American scientists have long understood that humans arrived in North American no more than 24,000 years ago – and even that was considered a stretch by many.
A startling new discovery in California, however, suggests that humans may have inhabited the Americas as early as 130,000 years ago – completely rewriting our understanding of early American life.
The new understanding comes via a recent dig in coastal San Diego County, which revealed the remains of a mastodon – and with it, evidence of tools, as well as the tools themselves. While no actual human remains were found, the team says the evidence is clear that these were human-made tools, used on the mastodon.
“Extraordinary claims require extraordinary evidence,” co-author of the new study (published in Nature) Richard Fullagar, Honorary Principal Fellow at the University of Wollongong, told IFLScience on a conference call. “The dates are truly remarkable, but it’s hard to argue with the clear evidence we see. It’s incontrovertible.”
“What’s truly remarkable here is that you can match the hammers to the anvils to the stones – it really does demonstrate human interference,” Fullagar noted.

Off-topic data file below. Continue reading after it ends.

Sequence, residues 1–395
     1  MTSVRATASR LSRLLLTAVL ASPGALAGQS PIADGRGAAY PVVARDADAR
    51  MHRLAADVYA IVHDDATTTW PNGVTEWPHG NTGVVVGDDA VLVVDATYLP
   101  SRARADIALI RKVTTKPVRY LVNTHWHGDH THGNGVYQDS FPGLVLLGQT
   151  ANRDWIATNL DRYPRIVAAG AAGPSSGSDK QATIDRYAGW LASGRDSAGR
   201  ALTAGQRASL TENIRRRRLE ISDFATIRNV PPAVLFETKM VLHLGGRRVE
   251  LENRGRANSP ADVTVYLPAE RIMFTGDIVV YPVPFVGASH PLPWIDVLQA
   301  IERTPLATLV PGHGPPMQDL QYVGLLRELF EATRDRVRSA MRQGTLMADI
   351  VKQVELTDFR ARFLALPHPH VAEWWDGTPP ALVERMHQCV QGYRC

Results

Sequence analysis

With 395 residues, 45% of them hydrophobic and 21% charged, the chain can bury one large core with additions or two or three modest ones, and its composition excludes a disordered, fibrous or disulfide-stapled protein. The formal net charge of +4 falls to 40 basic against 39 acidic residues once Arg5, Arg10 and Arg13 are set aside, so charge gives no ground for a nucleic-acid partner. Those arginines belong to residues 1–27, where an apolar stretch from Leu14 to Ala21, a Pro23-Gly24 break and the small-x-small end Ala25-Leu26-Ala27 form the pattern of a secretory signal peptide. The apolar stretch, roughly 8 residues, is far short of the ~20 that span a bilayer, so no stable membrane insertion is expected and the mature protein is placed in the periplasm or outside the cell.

A mastodon skull. Brooke Crigger/Shutterstock
Uranium dating proves the tusks are 131,000 years old – as are the marks on them. Scientists say similar use of tools and tusks date back as far as 1.5 million years in Africa, so the finding is remarkable only for the location – as it completely changes what we thought we knew about human migration in the early world.
“I expect there will be some extraordinary claims about how they got there,” co-author Steven Holen, Co-Director of the Center for American Paleolithic Research, added. “We expect criticism, and we are ready for it. I was skeptical when I first looked at it myself, but it’s definitely an archaeological site.
|Some of the possible migration routes. Note, starting points do not necessarily indicate speciation points. Chris Jones/IFLScience|
“There are Neanderthal sites in Siberia, and unquestionably, they could have made the journey across during the last interglacial when sea levels were lower,” Fullagar commented, mentioning Beringia, the now-submerged land bridge between Siberia and what is now Alaska, but the team admits that they don’t really know what sort of hominids they’re dealing with.
If these travelers were Neanderthals, this would be the first evidence of them found outside of Europe. Interestingly, Native Americans do have relatively high numbers of Neanderthal genes in their genomes.
Excavation of the site. NPG Press via YouTube
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